Production and Activity Levels
Eagle Ford production grew approximately 2% year-over-year through March, lagging behind the Permian (18%), Bakken (6%) and Appalachia (5%). This is driven, in part, by the maturity of the Eagle Ford play relative to other areas, as well as the Eagle Ford’s relatively high proportion of gas production.
The rig count in the Eagle Ford at March 20th stood at 67, down 18% from the prior year. This decline is more severe than reductions seen in the Bakken and Permian, though better than Appalachia and the overall US rig count. The Eagle Ford’s rig count has also seen a strong bounce back from November’s lows. However, rig counts are a lagging indicator, so may fall further in light of recent commodity price declines.
The Eagle Ford is also seeing gains in new-well production per rig. While this metric doesn’t cover the full life cycle of a well, it is a signal of the increasing efficiency of operators in the area. New-well production per rig in the Eagle Ford increased 8% on a year-over-year basis through March, compared to increases of 15%, 13%, and -18% in the Bakken, Permian, and Appalachia, respectively.
Commodity Prices Fall Amid Coronavirus Outbreak and Russian / Saudi Price War
After hitting recent highs in early January, oil prices generally declined in January and February as the spread of the coronavirus raised investor concerns regarding oil demand due to potential travel restrictions and declining economic activity. The decline accelerated on March 6, as Saudi and Russia could not come to an agreement regarding production cuts in light of declining demand, sending WTI futures down 10% to $41.28. The feud escalated over the weekend as Saudi Arabia slashed its official crude oil selling prices and indicated its intent to ramp up production. WTI futures fell an additional 25% the following Monday, March 9.
Since then, prices continued to decline, with WTI front month futures settlement prices hitting $20.83 on March 18. Prices have rebounded somewhat from this level but remain extremely volatile.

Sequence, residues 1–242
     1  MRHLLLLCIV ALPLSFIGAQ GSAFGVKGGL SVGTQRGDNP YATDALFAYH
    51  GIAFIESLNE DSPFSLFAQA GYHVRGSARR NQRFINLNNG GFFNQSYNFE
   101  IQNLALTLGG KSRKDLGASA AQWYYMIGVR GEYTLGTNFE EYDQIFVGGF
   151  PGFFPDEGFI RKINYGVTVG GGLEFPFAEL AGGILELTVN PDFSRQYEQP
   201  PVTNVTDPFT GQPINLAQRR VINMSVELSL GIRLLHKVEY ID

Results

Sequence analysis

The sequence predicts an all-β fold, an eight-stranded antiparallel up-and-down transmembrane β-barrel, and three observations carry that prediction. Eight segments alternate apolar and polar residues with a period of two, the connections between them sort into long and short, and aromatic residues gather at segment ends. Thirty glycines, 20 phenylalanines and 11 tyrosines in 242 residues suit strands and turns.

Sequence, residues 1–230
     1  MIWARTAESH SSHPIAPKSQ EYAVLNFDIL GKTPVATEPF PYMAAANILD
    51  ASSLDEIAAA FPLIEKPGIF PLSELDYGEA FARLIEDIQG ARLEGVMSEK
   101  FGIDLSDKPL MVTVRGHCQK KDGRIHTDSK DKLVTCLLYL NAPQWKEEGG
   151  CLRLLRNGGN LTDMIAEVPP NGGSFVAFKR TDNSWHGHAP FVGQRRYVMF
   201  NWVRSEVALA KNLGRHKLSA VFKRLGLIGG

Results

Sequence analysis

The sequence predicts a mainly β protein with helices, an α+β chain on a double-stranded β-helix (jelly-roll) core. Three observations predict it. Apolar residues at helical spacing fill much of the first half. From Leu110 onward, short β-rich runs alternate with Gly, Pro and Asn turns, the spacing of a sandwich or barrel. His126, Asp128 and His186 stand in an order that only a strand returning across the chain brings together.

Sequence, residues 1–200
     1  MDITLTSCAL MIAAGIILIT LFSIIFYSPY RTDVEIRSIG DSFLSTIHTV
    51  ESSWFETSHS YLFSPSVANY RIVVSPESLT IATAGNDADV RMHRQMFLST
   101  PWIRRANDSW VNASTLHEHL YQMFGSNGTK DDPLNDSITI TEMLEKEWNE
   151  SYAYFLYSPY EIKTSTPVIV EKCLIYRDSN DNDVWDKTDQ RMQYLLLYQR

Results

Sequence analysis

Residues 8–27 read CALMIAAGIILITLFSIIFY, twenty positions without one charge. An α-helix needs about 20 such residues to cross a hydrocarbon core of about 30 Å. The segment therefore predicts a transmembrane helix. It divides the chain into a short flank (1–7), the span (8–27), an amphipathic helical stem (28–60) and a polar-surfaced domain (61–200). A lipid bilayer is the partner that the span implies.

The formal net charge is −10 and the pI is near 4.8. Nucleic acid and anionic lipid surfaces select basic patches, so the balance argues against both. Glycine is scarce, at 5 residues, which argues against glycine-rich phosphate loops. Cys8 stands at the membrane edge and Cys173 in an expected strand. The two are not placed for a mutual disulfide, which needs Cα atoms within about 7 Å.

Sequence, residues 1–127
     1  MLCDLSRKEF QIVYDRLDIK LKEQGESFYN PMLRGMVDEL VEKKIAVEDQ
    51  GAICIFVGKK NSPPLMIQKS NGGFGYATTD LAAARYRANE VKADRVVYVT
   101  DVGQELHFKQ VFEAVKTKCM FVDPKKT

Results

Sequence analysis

All Eagle Ford E&P operators analyzed have had year-over-year stock price declines. EOG and Magnolia outperformed the broader E&P universe (XOP), though Penn Virginia and Silverbow are both down more than 90%.
Despite this financial performance, no Eagle Ford operators have filed for bankruptcy in the immediate wake of the price downturn. However, the commodity price environment has impacted the restructuring processes for Eagle Ford operators that entered bankruptcy in 2019. According to bankruptcy proceedings, Sanchez Energy may not be able to repay its debtor-in-possession (DIP) loan, which would result in no recovery for any legacy creditors. EP Energy announced in early March that its restructuring plan had been approved by the bankruptcy court. However, the deal was called off later in the month as lenders for the company’s exit financing pulled their support.
One of the Eagle Ford’s key advantages is its proximity to Gulf Coast refineries and export infrastructure. However, that benefit is eroding as demand for refined products is tanking (though storage costs are surging) and some importers are seeking to invoke force majeure clauses to reject LNG shipments.
This also comes at a time when new pipelines are coming into service to carry Permian production to the Gulf Coast. The EPIC crude pipeline entered service in February, carrying oil volumes from Orla, Texas, to Corpus Christi. In September 2019, Kinder Morgan’s Gulf Coast Express was placed in service, transporting natural gas from the Permian to Agua Dulce (just southwest of Corpus Christi). Early next year, Kinder Morgan’s Permian Highway natural gas pipeline is expected to come online, carrying volumes from the Permian’s Waha hub to the Gulf Coast. While this infrastructure build-out is helping make energy markets more efficient, it is diminishing the Eagle Ford’s previous marketing advantages.
Commodity prices are putting immense strain on E&P companies, and there is little relief in sight. The Eagle Ford’s maturity means that many of the lowest-cost, highest-return locations have already been drilled. The basin’s marketing advantages are eroding as new pipeline infrastructure transports surging Permian volumes to the Gulf Coast. With two Eagle Ford operators already in bankruptcy (Sanchez and EP Energy) and unable to exit, we’ll see if anyone joins them over the next twelve months.
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